Background: In the absence of a vaccine, governments have focused on social distancing, self-isolation, and increased hygiene procedures to reduce the transmission of SARS-CoV-2 (COVID-19). Compliance with these measures requires voluntary cooperation from citizens. Yet, compliance is not complete. Existing research on the predictors of compliance is almost exclusively based on cross-sectional data, raising the possibility of reverse causality and confounding.
Methods: Using data from the UCL COVID-19 Social Study, a large weekly online panel of UK adults from first three months of lockdown in the UK (n = 51,600), we tested whether within-person changes in confidence in government, mental wellbeing, social experiences and awareness of COVID-19 were longitudinally related to self-reported compliance levels with guidelines from authorities using random intercept cross-lagged panel models.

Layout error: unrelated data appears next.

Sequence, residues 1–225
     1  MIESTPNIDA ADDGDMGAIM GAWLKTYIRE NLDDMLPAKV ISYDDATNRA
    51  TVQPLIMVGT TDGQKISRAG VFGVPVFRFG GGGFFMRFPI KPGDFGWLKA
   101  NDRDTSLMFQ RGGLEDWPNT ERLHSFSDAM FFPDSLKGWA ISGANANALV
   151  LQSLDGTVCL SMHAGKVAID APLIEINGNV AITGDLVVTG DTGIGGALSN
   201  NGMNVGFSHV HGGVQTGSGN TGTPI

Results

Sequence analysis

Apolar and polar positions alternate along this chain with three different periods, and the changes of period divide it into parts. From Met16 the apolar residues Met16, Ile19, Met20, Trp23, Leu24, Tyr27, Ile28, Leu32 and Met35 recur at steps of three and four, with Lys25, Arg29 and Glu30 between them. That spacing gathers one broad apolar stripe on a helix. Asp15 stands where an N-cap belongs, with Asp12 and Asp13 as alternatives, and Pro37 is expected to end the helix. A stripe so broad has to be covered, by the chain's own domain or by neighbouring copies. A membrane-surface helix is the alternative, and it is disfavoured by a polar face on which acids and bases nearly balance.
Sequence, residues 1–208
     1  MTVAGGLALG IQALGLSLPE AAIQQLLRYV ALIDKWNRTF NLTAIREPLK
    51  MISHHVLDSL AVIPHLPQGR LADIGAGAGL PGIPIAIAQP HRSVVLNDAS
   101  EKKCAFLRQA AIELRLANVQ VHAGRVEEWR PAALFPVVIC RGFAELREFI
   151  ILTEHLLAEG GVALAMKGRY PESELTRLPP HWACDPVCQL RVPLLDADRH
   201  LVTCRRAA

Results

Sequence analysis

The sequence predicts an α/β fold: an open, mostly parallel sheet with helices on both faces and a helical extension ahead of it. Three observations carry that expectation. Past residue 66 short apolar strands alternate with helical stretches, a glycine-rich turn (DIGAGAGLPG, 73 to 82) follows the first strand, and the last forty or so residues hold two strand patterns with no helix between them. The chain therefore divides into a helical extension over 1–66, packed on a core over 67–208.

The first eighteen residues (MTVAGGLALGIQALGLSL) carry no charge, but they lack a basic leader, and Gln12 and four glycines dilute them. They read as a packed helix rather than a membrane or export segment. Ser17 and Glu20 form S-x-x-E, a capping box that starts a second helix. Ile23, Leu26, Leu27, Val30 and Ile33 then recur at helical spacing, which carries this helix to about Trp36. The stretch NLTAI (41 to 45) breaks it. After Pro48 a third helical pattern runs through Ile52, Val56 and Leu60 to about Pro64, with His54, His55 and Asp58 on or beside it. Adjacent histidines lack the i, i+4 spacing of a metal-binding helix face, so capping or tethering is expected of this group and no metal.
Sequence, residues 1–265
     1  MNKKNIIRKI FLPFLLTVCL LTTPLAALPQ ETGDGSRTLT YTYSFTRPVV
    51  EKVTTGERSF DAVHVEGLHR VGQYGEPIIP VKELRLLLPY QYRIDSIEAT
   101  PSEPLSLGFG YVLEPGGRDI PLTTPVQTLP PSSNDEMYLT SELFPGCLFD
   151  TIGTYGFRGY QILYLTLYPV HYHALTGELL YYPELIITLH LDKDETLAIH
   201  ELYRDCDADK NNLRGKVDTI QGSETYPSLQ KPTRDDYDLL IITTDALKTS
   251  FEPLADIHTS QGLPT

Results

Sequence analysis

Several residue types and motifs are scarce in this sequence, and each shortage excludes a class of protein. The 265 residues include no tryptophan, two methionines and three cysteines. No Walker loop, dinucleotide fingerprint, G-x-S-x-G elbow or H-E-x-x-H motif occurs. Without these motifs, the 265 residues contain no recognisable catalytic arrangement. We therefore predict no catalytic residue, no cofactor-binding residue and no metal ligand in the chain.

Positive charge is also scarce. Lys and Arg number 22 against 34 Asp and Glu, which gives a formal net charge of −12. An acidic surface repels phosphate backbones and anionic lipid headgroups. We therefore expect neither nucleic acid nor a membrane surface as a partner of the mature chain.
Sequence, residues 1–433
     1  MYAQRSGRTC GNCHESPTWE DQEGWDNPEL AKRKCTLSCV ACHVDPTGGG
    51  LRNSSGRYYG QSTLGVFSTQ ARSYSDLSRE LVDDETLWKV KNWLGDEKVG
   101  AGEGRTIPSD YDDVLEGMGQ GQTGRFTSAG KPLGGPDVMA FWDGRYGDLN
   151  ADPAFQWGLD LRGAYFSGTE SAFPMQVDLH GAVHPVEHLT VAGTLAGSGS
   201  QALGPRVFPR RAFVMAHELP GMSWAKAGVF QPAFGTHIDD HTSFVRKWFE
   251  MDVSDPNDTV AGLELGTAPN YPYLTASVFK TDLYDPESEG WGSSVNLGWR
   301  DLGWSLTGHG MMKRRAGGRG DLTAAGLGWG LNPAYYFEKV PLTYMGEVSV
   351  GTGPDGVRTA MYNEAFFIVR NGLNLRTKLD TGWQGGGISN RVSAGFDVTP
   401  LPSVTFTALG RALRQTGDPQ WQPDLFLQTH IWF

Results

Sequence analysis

Findings: We found evidence of a small longitudinal association between increased confidence in government to tackle the pandemic and higher self-reported compliance, but little evidence that factors such as mental health and wellbeing, worries about future adversities, and social isolation and loneliness were related to later compliance. We found higher self-reported compliance was longitudinally related to higher depressive symptoms. We found that low compliance was related to lower leisure engagement, providing care, and working outside the home.
Interpretation: Our results suggest that to effectively manage the pandemic, governments should ensure that confidence is maintained.
Funding: Nuffield Foundation, Wellcome Trust and the MARCH Mental Health Network. MARCH is funded by the Cross-Disciplinary Mental Health Network Plus initiative supported by UK Research and Innovation.
© 2021 The Author(s).